A judge ordered imprisoned Knott County Judge-Executive Randy Thompson out of office Friday.
Thompson was convicted in 2008 of conspiring to buy votes in the November 2006 general election by using public funds to improve driveways and build bridges on private property.
U.S. District Judge Gregory F. Van Tatenhove sentenced Thompson to serve 40 months in prison, but he had been able to remain free until December while appealing the conviction.
After a federal appeals court refused in November to reconsider an order upholding his conviction, Van Tatenhove ordered Thompson to begin serving his sentence.
Thompson reported to a federal prison in Pennsylvania on Dec. 6 but kept his office. The fiscal court voted last month to cut off his salary.
Under Kentucky law, a state prosecutor had to file a request to have Thompson removed from office.
Floyd County Commonwealth's Attorney Brent Turner filed the motion as a special prosecutor.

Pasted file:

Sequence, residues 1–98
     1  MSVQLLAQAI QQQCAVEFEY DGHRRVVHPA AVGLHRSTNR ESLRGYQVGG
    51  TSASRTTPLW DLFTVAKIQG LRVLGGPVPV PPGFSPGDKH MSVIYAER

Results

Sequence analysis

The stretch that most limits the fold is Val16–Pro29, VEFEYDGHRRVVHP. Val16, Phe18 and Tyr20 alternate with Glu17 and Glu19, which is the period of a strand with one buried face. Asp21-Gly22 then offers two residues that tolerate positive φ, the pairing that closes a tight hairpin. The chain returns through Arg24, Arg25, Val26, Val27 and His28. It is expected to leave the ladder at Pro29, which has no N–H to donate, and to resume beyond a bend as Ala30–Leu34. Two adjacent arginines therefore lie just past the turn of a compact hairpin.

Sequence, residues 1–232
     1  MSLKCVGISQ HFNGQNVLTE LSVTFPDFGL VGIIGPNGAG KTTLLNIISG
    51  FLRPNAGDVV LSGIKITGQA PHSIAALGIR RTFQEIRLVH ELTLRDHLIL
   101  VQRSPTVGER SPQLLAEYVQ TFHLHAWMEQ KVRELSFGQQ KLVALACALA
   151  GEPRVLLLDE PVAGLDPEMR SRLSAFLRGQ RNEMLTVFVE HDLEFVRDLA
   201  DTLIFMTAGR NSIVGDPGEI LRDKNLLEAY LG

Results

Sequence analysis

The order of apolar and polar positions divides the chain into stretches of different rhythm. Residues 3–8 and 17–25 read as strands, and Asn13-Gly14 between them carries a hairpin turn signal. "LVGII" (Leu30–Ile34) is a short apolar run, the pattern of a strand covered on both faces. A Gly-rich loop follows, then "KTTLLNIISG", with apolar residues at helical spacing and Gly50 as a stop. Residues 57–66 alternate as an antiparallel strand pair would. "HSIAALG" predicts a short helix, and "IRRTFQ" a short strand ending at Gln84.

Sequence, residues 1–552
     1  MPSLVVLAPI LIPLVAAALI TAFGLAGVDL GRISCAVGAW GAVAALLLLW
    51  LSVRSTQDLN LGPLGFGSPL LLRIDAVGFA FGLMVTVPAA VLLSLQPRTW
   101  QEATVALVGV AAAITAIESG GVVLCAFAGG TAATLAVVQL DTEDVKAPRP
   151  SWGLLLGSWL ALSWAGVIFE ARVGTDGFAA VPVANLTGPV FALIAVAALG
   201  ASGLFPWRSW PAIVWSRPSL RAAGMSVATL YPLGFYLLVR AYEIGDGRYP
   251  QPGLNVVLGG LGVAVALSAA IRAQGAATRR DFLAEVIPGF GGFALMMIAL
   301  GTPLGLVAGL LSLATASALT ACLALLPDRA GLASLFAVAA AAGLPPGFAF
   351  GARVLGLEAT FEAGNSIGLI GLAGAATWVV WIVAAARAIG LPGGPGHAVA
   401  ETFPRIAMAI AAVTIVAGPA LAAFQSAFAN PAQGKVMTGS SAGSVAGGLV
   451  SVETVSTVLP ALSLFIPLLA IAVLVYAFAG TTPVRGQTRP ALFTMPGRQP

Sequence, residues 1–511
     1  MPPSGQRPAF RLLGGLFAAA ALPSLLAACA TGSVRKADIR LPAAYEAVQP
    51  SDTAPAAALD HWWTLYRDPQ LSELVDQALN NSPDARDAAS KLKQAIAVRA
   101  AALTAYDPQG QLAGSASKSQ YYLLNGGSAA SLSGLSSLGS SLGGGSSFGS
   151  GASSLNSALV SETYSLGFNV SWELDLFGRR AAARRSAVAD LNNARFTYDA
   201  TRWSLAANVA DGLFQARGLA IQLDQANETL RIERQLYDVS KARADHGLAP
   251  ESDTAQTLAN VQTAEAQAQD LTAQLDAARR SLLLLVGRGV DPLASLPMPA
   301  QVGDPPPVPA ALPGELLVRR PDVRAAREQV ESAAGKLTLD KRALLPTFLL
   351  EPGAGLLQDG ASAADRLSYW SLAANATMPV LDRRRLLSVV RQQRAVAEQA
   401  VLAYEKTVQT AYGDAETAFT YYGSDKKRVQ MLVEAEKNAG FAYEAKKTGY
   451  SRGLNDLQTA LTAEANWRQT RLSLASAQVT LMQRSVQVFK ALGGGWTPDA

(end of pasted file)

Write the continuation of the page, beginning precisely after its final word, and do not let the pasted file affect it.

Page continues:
His argument was straightforward, Turner said: "The Constitution says you cannot be a convicted felon and hold office."
Turner said Thompson might have been able to hold on to his title a bit longer if he had asked the U.S. Supreme Court to consider reviewing his case, but he didn't.
Circuit Judge John David Caudill granted the request to remove Thompson from office after a hearing Friday, Turner said.
Convicted with Thompson were two assistants, John Mac Combs and Phillip G. Champion, and Ronnie Adams, who had been a magistrate and then worked for the county.
Van Tatenhove sentenced Combs to three years in prison, Adams to two years and eight months, and Champion to 18 months.
Thompson, a Republican, became judge-executive as a result of his predecessor's federal vote-buying conviction.
Donnie Newsome, a Democrat, was convicted in 2003 of buying votes, but held on to the office and salary of judge-executive throughout his 16-month sentence, resigning only when an appeals court upheld his conviction — after he'd served his sentence and returned to work.
Gov. Ernie Fletcher appointed Thompson as the first Republican judge-executive in the history of the heavily Democratic county. He won a full term in the tainted 2006 election and won re-election in 2010 while under conviction.
Bill Estep: (606) 678-4655. Twitter: @billestep1.